History of earthquakes and vertical ground movement in Campi Flegrei Caldera, southern Italy; comparison of precursory events to the A.D. 1538 eruption of Monte Nuovo and of activity since 1968

John, J.D.; Paolo Gasparini

Journal of Volcanology and Geothermal Research 48(1-2): 77-92


ISSN/ISBN: 0377-0273
DOI: 10.1016/0377-0273(91)90034-w
Accession: 019140202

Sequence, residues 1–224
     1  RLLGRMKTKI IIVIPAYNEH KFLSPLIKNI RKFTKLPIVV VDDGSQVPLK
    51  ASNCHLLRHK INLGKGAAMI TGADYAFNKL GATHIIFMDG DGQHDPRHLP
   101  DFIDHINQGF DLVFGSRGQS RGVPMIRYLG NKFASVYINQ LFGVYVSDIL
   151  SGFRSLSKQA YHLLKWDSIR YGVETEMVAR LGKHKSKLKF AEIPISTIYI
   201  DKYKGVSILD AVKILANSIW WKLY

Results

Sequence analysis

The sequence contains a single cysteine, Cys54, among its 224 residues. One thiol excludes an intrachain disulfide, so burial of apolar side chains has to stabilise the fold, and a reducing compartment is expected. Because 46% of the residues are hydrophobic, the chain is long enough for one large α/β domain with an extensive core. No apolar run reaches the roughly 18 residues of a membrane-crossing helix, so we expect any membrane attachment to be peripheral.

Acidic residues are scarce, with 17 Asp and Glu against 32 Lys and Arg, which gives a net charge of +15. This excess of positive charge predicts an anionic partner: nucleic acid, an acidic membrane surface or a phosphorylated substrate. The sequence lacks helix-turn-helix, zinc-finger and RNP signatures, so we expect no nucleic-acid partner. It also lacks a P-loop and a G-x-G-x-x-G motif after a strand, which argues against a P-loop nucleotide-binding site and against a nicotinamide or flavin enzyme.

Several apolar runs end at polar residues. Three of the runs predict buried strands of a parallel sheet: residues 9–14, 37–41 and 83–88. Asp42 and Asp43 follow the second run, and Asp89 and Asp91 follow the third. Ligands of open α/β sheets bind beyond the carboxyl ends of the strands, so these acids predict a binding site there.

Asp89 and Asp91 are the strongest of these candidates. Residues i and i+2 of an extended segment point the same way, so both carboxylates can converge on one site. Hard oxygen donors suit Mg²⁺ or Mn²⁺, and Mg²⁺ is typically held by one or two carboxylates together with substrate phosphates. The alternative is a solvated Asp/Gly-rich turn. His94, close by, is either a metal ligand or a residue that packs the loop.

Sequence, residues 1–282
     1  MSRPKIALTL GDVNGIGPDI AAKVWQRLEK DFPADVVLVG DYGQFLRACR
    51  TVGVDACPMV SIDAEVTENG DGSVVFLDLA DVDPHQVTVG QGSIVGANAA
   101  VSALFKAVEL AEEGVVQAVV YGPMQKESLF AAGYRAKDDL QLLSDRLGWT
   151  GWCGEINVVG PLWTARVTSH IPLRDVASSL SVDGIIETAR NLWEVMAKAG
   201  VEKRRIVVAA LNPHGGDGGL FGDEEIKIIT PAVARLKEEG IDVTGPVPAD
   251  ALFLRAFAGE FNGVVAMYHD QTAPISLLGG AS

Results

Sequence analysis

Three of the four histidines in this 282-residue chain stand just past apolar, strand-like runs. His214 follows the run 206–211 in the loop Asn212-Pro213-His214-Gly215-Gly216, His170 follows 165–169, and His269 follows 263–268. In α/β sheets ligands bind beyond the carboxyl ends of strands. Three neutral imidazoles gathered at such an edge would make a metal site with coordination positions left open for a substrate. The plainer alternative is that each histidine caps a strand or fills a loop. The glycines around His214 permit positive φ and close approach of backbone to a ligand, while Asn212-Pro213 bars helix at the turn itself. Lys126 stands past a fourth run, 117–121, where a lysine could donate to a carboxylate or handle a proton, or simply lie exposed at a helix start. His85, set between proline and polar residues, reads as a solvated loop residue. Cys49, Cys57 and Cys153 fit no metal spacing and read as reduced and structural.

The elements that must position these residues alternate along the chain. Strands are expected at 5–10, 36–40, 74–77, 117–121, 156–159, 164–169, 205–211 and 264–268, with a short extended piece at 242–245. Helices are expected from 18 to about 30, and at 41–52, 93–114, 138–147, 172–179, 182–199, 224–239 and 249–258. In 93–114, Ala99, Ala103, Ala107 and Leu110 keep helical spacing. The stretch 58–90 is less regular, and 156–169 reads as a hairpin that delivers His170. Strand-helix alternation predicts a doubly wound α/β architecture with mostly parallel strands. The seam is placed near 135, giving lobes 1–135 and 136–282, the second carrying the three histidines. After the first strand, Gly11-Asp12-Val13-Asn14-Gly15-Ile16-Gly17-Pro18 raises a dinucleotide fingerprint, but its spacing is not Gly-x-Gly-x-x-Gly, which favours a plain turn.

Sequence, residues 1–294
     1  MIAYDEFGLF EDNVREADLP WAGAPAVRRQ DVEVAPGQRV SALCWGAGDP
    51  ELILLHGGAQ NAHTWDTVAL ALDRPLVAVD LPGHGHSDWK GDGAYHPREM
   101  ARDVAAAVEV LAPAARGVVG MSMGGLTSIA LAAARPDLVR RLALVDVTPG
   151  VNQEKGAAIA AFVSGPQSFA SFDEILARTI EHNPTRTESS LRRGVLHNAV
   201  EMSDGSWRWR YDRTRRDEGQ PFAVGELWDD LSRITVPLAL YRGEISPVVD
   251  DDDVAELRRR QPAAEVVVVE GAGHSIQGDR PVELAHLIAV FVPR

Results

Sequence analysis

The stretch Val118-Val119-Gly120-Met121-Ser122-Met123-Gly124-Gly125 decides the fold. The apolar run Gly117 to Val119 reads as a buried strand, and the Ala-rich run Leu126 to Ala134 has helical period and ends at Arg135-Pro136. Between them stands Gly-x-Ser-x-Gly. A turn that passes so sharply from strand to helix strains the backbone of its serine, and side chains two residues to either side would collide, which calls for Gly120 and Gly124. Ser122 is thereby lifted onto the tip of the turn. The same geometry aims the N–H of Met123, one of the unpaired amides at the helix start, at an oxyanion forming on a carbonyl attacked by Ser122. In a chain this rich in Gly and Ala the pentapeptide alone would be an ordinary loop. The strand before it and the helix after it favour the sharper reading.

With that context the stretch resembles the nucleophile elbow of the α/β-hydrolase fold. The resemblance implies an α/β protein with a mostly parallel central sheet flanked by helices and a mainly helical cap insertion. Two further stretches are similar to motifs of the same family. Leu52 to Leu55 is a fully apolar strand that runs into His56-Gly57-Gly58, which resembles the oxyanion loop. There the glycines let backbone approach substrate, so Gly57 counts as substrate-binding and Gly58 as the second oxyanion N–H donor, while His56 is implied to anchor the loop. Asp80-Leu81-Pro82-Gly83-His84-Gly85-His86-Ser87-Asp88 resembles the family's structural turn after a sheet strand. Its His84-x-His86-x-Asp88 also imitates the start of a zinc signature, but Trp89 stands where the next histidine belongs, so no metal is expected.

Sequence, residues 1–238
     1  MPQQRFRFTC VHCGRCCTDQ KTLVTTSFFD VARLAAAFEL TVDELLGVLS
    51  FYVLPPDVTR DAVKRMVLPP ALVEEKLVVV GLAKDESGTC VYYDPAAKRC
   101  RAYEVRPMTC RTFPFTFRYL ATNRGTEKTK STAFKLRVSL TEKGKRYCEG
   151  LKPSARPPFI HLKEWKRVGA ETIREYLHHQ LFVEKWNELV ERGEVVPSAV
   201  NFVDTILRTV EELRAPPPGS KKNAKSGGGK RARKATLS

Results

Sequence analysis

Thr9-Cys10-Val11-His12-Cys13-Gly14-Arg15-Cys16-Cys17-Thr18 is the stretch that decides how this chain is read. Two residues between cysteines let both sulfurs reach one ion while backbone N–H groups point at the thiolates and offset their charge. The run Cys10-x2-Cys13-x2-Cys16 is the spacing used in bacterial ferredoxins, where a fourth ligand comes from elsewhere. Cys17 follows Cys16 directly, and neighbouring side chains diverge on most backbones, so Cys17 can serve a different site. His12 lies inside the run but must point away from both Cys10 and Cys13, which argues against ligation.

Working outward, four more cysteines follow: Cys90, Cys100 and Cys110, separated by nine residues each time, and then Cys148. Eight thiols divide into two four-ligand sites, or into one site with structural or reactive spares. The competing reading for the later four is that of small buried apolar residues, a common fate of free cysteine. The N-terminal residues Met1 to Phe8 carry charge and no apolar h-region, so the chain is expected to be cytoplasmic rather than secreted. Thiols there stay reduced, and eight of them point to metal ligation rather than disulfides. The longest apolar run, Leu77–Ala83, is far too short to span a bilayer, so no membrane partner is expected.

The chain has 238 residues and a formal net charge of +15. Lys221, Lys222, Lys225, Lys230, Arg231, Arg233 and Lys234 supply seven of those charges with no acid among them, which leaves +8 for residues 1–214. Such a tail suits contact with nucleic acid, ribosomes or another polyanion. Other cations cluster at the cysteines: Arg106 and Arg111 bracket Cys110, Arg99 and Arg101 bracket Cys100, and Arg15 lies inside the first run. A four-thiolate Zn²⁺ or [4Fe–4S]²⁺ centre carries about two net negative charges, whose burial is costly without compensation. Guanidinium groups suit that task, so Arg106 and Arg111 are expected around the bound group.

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The record of felt earthquakes around Naples Bay in southern Italy is probably complete since the mid-15th century. According to this record, intense earthquake swarms originating beneath Campi Flegrei, an explosive caldera located along the north coast of Naples Bay, have occurred only twice: (1) before the only historical eruption in Campi Flegrei in 1538; and (2) from mid-1983 to December 1984. Earthquake activity during the earlier period, which began at least a few years, and possibly as many as 30 years, before the 1538 eruption, damaged many buildings in the city of Pozzuoli, located near the center of Campi Flegrei. Minor seismic activity, which consisted of only a few felt earthquakes, occurred from 1970 to 1971. The second period of intense earthquake swarms lasted from mid-1983 to 1984, again damaging many buildings in Pozzuoli. Two periods of uplift along the shoreline within Campi Flegrei have also been noted since the mid-15th century: (1) during the few decades before the 1538 eruption; and (2) as two distinct episodes since 1968. Uplift of a few meters probably occurred a few decades before the 1538 eruption; uplift of as much as 3.0 m has occurred in Pozzuoli since 1968.